It’s the end of the Second World War, and the United States is deciding what to do about two immense, poor, densely populated countries in Asia. America chooses one of the countries, becoming its benefactor. Over the decades, it pours billions of dollars into that country’s economy, training and equipping its military and its intelligence services. The stated goal is to create a reliable ally with strong institutions and a modern, vigorous democracy. The other country, meanwhile, is spurned because it forges alliances with America’s enemies.
Pakistan today is held together by a powerful military which directly consumes 70% of the its budget after debt payments. The military has gained strength by opportunistically aligning itself with the United States, China and Saudi Arabia. It has directly ruled the country for most of its history and has cultivated relations with the fundamentalist Islamist clergy to strengthen its hold on power. In fact, the military is a bastion of Islamists who are influenced by fundamentalist movements such as Wahabism and Deobandism -- the same movements which hold sway among large numbers of Pakistani Punjabis.
Similar to all other cases of enforced disappearance, the government authorities never provided an explanation about what the charges, if there were any, against these people. They were never produced before a court of law or given the right to defend themselves on the line of Article 11 of the Universal Declaration of Human Rights.
The jubilations, the triumphalism and the joy expressed by the US leaders and public was crass and vulgar. Yes, some had lost their loved ones but then what about nearly a million killed in Iraq and Afghanistan since the invasions by western alliances?
The Afghan Baloch are another people that make up the colourful ethnic mosaic of the country. And like the Pashtuns, Tajiks and Uzbeks, the Baloch have also seen their land divided by arbitrary boundaries in Central Asia.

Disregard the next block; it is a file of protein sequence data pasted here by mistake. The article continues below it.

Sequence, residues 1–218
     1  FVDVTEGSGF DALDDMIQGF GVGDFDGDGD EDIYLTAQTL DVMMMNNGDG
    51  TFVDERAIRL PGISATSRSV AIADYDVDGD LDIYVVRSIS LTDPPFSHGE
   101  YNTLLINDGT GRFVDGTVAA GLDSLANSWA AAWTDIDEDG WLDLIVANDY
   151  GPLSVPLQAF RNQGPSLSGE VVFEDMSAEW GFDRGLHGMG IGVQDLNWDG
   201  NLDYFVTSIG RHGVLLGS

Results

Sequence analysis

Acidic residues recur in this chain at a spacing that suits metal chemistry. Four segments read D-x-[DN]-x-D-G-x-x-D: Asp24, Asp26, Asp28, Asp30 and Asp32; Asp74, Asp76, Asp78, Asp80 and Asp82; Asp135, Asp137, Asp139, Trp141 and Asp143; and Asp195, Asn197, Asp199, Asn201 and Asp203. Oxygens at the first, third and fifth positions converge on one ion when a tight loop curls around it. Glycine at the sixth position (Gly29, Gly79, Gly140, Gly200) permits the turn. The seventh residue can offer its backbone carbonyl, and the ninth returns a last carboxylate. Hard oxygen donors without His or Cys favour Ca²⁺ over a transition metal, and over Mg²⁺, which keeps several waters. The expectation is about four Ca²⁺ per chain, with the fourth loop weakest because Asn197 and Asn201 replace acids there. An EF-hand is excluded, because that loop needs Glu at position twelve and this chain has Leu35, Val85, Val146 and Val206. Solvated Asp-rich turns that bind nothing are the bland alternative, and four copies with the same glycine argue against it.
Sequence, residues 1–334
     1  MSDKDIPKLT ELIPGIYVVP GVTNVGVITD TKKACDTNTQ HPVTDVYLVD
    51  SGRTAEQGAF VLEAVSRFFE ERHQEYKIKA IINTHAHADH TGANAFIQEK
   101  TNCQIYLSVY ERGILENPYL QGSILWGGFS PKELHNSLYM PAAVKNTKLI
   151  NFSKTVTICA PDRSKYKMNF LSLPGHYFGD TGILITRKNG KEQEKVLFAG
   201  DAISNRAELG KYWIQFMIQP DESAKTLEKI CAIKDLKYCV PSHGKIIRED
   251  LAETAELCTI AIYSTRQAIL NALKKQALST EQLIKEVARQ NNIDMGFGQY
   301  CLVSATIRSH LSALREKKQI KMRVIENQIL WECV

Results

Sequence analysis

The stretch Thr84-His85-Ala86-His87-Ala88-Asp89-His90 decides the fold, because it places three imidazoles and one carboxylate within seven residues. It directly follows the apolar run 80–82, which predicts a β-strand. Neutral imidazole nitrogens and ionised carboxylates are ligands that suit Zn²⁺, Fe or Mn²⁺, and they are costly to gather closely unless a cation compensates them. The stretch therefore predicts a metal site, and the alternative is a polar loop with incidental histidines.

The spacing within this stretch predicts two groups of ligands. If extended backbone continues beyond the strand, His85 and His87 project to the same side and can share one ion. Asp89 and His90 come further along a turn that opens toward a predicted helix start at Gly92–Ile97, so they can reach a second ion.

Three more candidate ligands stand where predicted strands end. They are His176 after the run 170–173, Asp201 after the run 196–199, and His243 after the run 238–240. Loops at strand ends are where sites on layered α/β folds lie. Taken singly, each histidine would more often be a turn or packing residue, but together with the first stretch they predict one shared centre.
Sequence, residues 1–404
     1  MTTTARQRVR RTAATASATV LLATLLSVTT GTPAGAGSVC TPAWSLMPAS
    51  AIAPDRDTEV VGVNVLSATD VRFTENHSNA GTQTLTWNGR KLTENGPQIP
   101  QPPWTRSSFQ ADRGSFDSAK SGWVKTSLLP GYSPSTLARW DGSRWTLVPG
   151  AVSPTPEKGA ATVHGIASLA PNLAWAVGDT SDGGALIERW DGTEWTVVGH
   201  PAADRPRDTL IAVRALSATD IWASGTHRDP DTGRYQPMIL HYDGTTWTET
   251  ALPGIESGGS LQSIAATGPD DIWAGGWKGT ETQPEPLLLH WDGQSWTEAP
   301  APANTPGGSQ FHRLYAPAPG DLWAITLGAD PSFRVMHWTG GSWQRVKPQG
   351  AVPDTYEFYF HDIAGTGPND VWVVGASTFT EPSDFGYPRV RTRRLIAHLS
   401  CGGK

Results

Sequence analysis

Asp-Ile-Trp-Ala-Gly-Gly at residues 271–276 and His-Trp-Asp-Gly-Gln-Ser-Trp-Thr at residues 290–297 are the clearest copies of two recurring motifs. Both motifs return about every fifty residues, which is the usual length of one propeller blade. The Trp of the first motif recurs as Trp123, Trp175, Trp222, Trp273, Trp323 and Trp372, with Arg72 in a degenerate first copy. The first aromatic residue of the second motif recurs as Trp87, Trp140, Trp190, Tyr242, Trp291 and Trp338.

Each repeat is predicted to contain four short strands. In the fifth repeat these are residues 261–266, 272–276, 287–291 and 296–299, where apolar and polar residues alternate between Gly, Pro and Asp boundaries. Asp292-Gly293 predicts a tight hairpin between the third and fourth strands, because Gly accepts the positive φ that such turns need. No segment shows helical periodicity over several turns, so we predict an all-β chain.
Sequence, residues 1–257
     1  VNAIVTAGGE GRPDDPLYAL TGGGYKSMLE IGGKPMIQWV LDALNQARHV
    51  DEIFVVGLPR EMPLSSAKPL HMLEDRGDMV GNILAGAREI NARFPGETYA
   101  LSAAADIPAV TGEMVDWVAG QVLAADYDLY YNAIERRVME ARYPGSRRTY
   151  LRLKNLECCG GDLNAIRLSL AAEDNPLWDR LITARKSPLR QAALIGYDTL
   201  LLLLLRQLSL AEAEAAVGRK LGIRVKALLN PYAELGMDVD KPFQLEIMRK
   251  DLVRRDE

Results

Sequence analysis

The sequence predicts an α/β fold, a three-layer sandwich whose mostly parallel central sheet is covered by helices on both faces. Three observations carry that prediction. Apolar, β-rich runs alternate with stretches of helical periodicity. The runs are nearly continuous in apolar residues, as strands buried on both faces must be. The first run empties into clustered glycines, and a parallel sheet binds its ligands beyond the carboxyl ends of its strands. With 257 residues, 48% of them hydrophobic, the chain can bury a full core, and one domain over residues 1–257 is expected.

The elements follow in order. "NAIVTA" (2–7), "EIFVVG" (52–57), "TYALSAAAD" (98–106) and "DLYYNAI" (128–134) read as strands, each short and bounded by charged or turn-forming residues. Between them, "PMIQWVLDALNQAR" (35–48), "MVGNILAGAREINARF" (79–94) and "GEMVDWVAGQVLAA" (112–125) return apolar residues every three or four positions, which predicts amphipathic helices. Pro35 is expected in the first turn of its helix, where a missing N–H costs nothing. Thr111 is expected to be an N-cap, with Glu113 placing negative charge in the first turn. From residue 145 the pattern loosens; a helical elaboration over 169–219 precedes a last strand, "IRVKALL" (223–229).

Baloch independence would actually satisfy America's geopolitical interests, considering a free Balochistan would represent a beacon of democracy in a region run amok with Islamic fervor -- a secular counterweight, a society that believes in a traditional nonviolent version of Islam and a people that respect the natural rights of each individual.
The Balochistan solution has to be a political one rather than a ‘white-wash’ of replacing the military with a paramilitary force.
The GCC countries' intellectual and human rights campaigners never say a single word against the blatant violation of human rights and the genocide of the Baloch nation at the hands of theocratic regime of Iran and the security state of Pakistan, let alone their rulers. Instead, they are showering Pakistan with their free oil.
From the breakup of Yugoslavia in early 1990s to the recent independence of South Sudan, and the ongoing crisis in Libya, it has increasingly become clear that the legal norms, such as non-interference and respect of state sovereignty, are not applicable when it comes to abusive behaviour of dominant groups, rogue armies or regimes within the quasi states. Sovereignty, indeed, comes with responsibilities.
THE mutilated bodies surface quietly in various parts of the province, and usually without any forewarning. The killings take place sporadically but surely, the bodies dumped on unforgiving mountains or on deserted, half-constructed roads. Perhaps they are meant to constitute a message for certain segments of society.